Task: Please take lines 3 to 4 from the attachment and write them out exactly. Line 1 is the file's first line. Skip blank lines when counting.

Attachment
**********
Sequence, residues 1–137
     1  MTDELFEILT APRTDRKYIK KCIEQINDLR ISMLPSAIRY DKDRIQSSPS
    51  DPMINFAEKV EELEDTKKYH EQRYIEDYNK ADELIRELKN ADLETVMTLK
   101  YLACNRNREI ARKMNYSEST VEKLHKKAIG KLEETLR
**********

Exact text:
    51  DPMINFAEKV EELEDTKKYH EQRYIEDYNK ADELIRELKN ADLETVMTLK
   101  YLACNRNREI ARKMNYSEST VEKLHKKAIG KLEETLR